Nota Bene has been covering the development of Congress.gov for several years, and the Library of Congress staff behind Congress.gov continues to improve the product. Last month, the Congressional Record Index was added to Congress.gov, allowing users to search by index terms for content within the Congressional Record.  The Congressional Record Index provides topical access to remarks and activities by members of Congress, individuals, organizations, and legislative business mentioned during daily proceedings.

The Congressional Record Index is not a new creation, it is produced online daily and printed monthly by the Congressional Record Index Office. The office creates both the Index (updated dailas well as the  History of Bills and Resolutions that tracks the legislative progress of every piece of legislation introduced in Congress. You can view the indexes for Congressional sessions beginning in 1983 through FDsys  Congress.gov currently hosts the index for the 104th Congress (1995) to the present, and earlier terms will be added throughout the coming year.

Congress.gov has many ways to link to remarks by specific members of Congress, and results can be quickly filtered and narrowed by searching  for the member of Congress from the Congress.gov homepage. The Congressional Record Index will be of best use for researchers interested in locating mentions of businesses and organizations that are not indexed elsewhere.

As Congress.gov continues to improve both its search power and content, Thomas,the government’s original website for legislative information, will not remain for long. The Library of Congress will announce an official retirement date for Thomas in the coming months.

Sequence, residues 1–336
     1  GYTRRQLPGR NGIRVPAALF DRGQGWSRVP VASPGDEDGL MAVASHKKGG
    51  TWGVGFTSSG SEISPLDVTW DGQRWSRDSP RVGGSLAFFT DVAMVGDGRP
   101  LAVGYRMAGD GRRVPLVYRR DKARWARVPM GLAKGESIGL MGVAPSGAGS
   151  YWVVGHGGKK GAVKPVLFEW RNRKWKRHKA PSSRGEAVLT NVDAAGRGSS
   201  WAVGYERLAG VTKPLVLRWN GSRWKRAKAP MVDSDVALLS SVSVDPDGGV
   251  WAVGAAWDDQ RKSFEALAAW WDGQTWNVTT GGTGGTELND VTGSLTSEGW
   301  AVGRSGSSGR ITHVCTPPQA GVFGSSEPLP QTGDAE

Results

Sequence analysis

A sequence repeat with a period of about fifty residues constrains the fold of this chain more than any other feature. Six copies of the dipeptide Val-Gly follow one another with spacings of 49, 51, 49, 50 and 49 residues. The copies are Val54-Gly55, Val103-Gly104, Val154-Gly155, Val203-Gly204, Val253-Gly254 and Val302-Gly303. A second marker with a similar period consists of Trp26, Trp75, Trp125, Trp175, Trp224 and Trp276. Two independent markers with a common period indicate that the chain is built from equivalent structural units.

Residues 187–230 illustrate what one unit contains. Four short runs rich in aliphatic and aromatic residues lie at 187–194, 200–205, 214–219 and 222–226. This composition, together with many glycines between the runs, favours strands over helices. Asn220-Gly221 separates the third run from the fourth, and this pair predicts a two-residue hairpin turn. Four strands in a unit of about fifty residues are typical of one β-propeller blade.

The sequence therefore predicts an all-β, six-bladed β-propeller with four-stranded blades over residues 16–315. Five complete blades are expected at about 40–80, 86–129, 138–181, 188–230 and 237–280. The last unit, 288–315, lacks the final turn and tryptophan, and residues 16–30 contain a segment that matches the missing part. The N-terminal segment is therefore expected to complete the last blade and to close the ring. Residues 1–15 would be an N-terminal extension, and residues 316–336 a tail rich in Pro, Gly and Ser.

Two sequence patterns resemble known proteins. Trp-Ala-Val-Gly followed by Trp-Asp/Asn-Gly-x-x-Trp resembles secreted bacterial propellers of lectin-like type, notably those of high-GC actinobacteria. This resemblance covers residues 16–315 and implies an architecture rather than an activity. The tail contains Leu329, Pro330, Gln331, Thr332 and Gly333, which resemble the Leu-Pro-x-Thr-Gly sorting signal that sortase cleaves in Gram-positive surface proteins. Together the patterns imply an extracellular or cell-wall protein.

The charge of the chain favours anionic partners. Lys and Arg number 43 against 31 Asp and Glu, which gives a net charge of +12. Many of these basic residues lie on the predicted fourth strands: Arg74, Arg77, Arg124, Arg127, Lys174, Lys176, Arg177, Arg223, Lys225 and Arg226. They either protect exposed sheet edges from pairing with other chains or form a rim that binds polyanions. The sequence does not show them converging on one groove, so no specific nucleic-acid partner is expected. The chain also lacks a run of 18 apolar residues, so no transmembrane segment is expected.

Friday, January 8, 2016

New Year, New Texas Laws


January 1 of 2016 saw many new laws go into effect for Texas. The measure providing for open-carry of holstered handguns (HB 910)  has received much attention, but there are many more laws that will affect Texans in the New Year. Below are just a few of the new laws you may have missed. To see all the laws that went into effect January 1, visit this list from the Texas Legislature.

Texas Franchise Tax: The Texas Franchise tax has been permanently reduced to 0.375 percent, rather than 0.5 percent, of taxable margin for those taxable entities primarily engaged in retail or wholesale trade (HB 32).

Uber and Others: Drivers for “transportation network companies” like Uber and Lyft are now required to hold a minimum of $1 million in liability insurance for death, bodily injury and property damage for each incident (HB 1733).

Open Government: Most state government bodies are now required to make audio and video of open meetings available online within one week of the event (HB 283).

Judicial Bypass: For Texas minors seeking to have abortions without parental consent, additional restrictions have been put into place requiring the minor to petition in their county of residence (in most situations) and disclose more identifying personal information. Judges who hear these matters will now have five days (from two) to rule (HB 3994).

Landlord-Tenant:  Landlords will be protected from liability for renting to individuals convicted of crimes (or arrested and placed on deferred adjudication) absent additional factors. The new provision clarifies that a renting to a person with a criminal record is not  sufficient, absent other factors, to bring an negligence action against a landlord (HB 1510).